Water catchment management to provide 24x7 water supply for community vitality at Jagathang
Water catchment management to provide 24x7 water supply for community vitality at Jagathang
Paro, situated in the north-western part of the country, has a total area of 1,293 km2. The population of the dzongkhag is 46,316 (23,941 male; 22,375 female). Rural communities constitute 74.3 percent of the population. The mean annual household income is BTN 201,823 (USD 3,140 approx) and major income sources include agriculture and livestock rearing, and in urban centers and peripheral areas they include tourism and small retail business. The dzongkhag is divided into 10 gewogs.
Jagathang village under Lamgong gewog is the identified project site. The village has 230 households and a population of over 1610 people. Agriculture and livestock rearing are the main occupation in the village.
key environmental and social problem

Some section of the village is under sever water shortage and this has resulted in poor hygiene particularly among children who needed more care. It has increased the drudgery among children and women in the process of fetching water. The shortage of water has also impacted in failure of small scale winter cropping in the kitchen gardens and greenhouses at household levels which would be an opportunity among the villagers in managing their food self-sufficiency, specifically when the country is striving it best to produce winter vegetables from within the country in order to avoid buying of chemically contaminated vegetables from across the border in the southern part of the country. .

The village is connected with Rural Water Supply Scheme (RWSS) since early 1990s. However, over the years, the infrastructures of the scheme were worn out and there was hardly any repair done. 90% of the scheme has now failed and in some areas doesn’t even exist the infrastructures. People have somehow managed water for drinking, cooking and small scale agriculture through individual pipe lines directly connected to the stream source. This practise has no regulations in place and therefore, has high possibility of unmanaged water supply system which can be a source of community disharmony.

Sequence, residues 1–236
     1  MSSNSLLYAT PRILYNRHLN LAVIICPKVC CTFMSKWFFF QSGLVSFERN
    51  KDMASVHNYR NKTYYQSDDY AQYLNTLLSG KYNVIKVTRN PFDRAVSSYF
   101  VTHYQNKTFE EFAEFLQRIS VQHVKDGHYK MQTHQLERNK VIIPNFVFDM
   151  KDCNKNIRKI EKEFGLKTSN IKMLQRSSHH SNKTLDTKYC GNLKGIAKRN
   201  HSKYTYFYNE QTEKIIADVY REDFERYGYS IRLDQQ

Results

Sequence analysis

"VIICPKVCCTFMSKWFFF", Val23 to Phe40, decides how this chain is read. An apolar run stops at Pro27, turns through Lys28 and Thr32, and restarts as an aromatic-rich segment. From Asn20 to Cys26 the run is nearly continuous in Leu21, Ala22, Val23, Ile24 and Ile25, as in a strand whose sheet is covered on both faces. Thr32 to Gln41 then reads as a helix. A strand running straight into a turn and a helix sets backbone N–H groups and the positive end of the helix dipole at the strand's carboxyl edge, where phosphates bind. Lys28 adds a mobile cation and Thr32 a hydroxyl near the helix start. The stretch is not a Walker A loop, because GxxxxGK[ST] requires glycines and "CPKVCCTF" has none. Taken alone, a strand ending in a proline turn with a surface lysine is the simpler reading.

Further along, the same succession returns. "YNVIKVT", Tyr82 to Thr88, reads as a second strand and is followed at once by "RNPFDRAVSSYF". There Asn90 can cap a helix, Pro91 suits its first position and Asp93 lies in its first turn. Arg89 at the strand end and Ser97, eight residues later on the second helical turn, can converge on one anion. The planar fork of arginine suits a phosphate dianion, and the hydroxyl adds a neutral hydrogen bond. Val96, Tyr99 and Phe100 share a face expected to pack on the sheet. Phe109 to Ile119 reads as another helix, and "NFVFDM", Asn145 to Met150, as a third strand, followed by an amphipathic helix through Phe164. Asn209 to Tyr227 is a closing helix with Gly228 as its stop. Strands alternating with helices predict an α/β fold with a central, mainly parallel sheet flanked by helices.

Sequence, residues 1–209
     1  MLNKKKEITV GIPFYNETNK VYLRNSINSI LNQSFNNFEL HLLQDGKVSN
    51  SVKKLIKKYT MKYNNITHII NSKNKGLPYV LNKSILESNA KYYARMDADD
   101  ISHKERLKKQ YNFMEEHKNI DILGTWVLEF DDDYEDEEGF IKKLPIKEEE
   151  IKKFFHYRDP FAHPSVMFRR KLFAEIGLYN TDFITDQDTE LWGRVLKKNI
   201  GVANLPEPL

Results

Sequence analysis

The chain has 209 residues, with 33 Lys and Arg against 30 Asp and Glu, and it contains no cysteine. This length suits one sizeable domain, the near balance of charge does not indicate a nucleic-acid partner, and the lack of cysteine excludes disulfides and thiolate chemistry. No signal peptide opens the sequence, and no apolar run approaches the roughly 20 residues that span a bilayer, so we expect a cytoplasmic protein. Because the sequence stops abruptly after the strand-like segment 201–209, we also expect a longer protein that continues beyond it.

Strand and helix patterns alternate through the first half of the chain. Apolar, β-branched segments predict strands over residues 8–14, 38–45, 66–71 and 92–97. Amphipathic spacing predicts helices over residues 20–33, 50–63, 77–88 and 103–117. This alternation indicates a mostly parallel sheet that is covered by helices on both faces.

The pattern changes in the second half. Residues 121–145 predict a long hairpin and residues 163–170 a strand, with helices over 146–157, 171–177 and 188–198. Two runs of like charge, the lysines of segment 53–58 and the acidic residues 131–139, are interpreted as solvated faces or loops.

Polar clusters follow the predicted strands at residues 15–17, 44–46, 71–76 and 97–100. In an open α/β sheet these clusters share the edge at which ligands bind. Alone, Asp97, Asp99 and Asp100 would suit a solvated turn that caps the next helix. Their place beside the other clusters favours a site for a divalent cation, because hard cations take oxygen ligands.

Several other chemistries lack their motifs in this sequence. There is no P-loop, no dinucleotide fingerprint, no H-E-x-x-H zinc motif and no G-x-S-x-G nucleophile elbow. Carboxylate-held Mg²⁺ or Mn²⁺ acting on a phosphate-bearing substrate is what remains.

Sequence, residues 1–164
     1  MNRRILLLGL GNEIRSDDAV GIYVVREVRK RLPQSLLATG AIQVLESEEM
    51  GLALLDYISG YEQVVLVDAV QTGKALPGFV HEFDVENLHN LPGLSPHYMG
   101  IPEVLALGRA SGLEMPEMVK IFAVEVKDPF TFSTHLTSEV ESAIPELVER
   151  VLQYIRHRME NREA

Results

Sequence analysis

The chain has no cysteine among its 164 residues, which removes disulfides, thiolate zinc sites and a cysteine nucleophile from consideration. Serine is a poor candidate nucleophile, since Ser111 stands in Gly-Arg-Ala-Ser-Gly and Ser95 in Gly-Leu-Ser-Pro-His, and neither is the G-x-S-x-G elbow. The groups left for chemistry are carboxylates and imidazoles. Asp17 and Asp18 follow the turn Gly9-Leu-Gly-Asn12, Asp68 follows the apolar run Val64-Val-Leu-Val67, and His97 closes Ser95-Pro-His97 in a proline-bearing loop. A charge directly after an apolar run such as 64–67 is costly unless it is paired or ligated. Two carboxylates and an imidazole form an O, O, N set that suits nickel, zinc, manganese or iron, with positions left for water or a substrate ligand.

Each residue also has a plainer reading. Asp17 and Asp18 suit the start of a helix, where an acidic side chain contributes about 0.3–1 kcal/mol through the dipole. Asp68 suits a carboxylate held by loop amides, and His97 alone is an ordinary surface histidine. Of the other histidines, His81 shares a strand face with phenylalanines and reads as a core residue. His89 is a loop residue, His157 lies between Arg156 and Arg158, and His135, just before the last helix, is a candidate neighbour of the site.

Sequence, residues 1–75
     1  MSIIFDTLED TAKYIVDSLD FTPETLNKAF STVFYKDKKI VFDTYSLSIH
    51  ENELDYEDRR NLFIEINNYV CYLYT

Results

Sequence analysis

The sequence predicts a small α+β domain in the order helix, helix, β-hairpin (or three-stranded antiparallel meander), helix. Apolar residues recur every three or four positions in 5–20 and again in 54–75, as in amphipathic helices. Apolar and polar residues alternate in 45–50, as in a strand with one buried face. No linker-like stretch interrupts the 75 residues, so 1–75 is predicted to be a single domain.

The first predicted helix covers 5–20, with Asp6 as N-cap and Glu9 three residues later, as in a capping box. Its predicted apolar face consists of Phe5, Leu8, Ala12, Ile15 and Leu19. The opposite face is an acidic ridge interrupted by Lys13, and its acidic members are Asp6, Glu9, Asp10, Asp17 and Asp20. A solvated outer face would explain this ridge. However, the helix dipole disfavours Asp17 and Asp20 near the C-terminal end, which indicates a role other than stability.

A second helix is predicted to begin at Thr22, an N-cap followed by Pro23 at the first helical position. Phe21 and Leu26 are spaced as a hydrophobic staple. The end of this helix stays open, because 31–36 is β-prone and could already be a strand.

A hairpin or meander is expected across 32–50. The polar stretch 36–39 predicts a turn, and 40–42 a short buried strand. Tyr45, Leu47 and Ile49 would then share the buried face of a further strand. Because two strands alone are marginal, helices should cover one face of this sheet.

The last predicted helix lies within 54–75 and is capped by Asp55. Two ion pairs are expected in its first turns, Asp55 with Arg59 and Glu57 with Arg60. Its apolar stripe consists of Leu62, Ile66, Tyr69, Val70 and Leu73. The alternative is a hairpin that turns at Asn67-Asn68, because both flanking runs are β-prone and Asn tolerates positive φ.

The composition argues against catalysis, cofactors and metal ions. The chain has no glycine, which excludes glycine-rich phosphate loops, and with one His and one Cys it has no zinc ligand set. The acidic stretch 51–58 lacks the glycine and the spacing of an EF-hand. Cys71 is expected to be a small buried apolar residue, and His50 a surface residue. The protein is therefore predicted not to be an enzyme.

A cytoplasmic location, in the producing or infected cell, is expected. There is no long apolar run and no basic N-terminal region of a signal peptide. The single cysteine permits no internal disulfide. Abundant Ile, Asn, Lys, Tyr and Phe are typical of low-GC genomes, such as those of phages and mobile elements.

Environmental degradation and poor management at the catchment are the key reasons for water shortage in the village. There are evidences of illegal felling of trees and collection of leaf litters in an unmanaged manner. Cattle grazing could also be a contributing factor for the degradation of the catchment. The absence of some sort of source management would result to the “Tragedy of the Common” situation where everyone desires to extract and no one is responsible for the management. A community forest has been established lately which may be useful for the catchment management. However, the group also requires education and sensitization. The catchment now seem to be in pristine form and it is expected to have rich biodiversity including aquatic lives. However, in the absence of a vigilant monitoring and enforcement of a management regulations, the state of the catchment would be at stake.

Target group
This project would benefit about 25 households with more than 250 people. Most of the people living in the project site are farmers who depend on subsistence farming including livestock rearing. Women are mostly the house makers and have major decision making in-terms of managing the house affairs. There are also substantial number of youth of school going and school dropouts.

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Project Snapshot

Chitheun Tshogpa
Area Of Work:
International Waters
Grant Amount:
US$ 8,670.00
Co-Financing Cash:
Co-Financing in-Kind:
US$ 3,979.20
Project Number:
Satisfactorily Completed
Project Characteristics and Results
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Grantee Contact

Mr Thinley Lhendup Dorji
Phone: +975 77110927/+975 77650054
Email: tshewangtashi.pce@rub.edu.bt


Paro , Paro , 12001

SGP Country office contact

Mr. Tenzin Wangchuk
Mr. Tshering Phuntsho
009752322424 (ext:330)


UN House, Peling Lam (Street), Kawajangsa, Thimphu, P.O. Box No. 162
Thimphu, Bhutan, 11001